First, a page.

Intact male ferrets are called hobs, while neutered males are gibs. (I have no idea where these come from either.)

Unspayed females are called jills, while spayed females are sprites. And baby ferrets less than one year old are called kits, so now we all know something new.

We decided that we had taken a lot longer than planned enjoying our sight-seeing around these parts and it was definitely time to head back to Mingenew.

Once we arrived back, we had afternoon tea, I did the washing and got it out on the line as it is supposed to be cold but clear overnight, and a lovely 24 degrees tomorrow. Today, the top temperature reached 21 degrees for a little time before slowly getting much cooler.

Russ downloaded all the photos we had taken and then went to sleep while I chose the best shots for the website after I spend some time identifying the flower photos I have taken.

Day 118 – 19 September 2022

We had a very cosy lie in this morning for a while, and the heater was turned on. It rained on and off overnight and Mingenew had about 3 mm up to 9:00am. It is decidedly chilly.

When we left to visit the Canna Nature Reserve the temperature had hovered around 13 degrees, but any time it showered it plummeted to 11 degrees. It struggled to get to 14 degrees throughout the day.

We visited the reserve and found a variety of dampiera that we have not seen before. They were on red soil and surrounded by yellow and white flowers – so striking.

We then headed to Gutha to visit the local hall before heading to the Gutha Old Camp where we had lunch.

Gutha was founded in 1914, grew from a struggling ‘childhood’ into a vigorous ‘adolescence’ in the late 1920s, and reached its ‘prime’ from the 1930s to 1950s. It then started to fade and died with the closure of the last store in 1983.

The beating heart of the town was Gutha Hall, and it still stands, and is still part of the social life of the district with regular social events, dances and BBQs, of which the BBQs badly need some maintenance from what we were able to see.

The Hall is rectangular in shape, constructed of blockwork with buttresses to the side walls and front entry, The entire building is painted a light cream colour.

There is an open area adjacent to the hall for caravanners to park while enjoying the wildflowers of the area. The building is on the Heritage Council Register. There is a fabulous cutwork metal sculpture out the front.

When we arrived at the Canna Old Camp it was to find several others there. One camper van had stopped to have lunch, much as we had done, but there was a large bus which was in the process of setting up for the night. There was also a car and a caravan further into the bus area. As it was so cold, and about to shower heavily I did not spend a

lot of time walking around. I did go and see the remains of an old tin home of a man who lived there. NOTES

Altogether the drive around the countryside was lovely, even with the rain showers. If you only want to see the wildflowers, they are everywhere. Unfortunately for me, I want to be able to name the flowers I find as I go along and that is a totally different kettle of fish.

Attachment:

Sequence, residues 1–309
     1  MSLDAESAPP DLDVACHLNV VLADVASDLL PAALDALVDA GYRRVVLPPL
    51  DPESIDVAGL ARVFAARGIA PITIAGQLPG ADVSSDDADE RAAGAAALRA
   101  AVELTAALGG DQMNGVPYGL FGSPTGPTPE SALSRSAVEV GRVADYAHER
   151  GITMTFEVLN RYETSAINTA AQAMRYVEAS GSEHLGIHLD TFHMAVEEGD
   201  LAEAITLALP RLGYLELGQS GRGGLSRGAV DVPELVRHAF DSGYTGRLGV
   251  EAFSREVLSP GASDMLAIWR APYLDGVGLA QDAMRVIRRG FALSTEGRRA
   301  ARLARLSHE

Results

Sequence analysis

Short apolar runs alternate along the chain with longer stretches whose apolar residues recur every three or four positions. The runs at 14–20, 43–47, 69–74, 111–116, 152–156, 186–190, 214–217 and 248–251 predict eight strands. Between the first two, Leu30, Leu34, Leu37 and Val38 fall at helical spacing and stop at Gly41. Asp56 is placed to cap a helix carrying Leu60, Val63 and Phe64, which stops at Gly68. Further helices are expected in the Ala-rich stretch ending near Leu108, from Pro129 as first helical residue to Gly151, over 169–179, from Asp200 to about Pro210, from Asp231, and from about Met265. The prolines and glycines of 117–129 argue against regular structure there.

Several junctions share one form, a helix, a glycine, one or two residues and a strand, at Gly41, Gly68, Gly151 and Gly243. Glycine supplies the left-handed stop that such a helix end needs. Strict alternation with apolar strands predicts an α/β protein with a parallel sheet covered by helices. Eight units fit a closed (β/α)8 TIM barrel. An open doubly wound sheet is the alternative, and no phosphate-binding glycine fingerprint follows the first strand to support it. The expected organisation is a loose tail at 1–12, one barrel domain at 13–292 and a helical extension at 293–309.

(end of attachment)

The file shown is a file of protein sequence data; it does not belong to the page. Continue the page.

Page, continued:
I love some of the road names we come across in our explorations. Today, it was Adji Badji Road, although I have been unable to find anything about its history. There is a suggestion that it is pronounced Argy-Bargy which would be a place of discussion for people who disagree about something. Perhaps I will never find that out.

We then stopped off at Bilya Rock and found some more Donkey Orchids, It is a very interesting place about five kilometres west of the turnoff for Gutha West Road.

It is a large granite outcrop, surrounded by bushland which makes it an enjoyable place to bushwalk or picnic in the winter and spring (just not today!). The origin of the name is unknown, but possibly derived from the Aboriginal language.

A cairn stands on Bilya Rock and is reputed to have been placed there by John Forrest as a trigonometrical survey point in the 1870s. A sheet metal sculpture of John Forrest, and his assistant Tommy Windich, is located beside the Name Sign.

John Forrest’s official report from hi 1869 expedition clearly indicates his respect for Tommy though history perhaps does not fairly apportion the accolades that flowed there-after.

Some historians have suggested that without guides like Tommy, men like Forrest would have struggled to survive. Others have noted how ironic it was that these Aboriginal guides so willingly aided expeditions that ultimately led to such a dramatic reshaping of the landscape of their people.

After a short stop here, to once again be interrupted by rain, we headed back to Mingenew. We took many back roads today and considering the amount of rain that has fallen in the area, the all-weather gravel roads are in tip top condition.

We turned onto the Mingenew-Morowa Road from the back roads and proceeded on bitumen, passing Mt Budd along the way. I can find no information about how it got its name, but it is a mesa stuck out in the middle of rolling hills and flat plains – a most unusual sight.

When we finally returned to Mingenew Russ decided we should try the Mingenew Bakery for our afternoon tea. They did not have a lot of items left by the time we got there so I ended up buying a mini mixed Danish box. I am not a fan of Danish with Nutella in the middle of it, but the apple and raspberry ones were lovely. Russ enjoyed the coffee scroll and an apple Danish.

We did ring Mum and had a catchup before tea.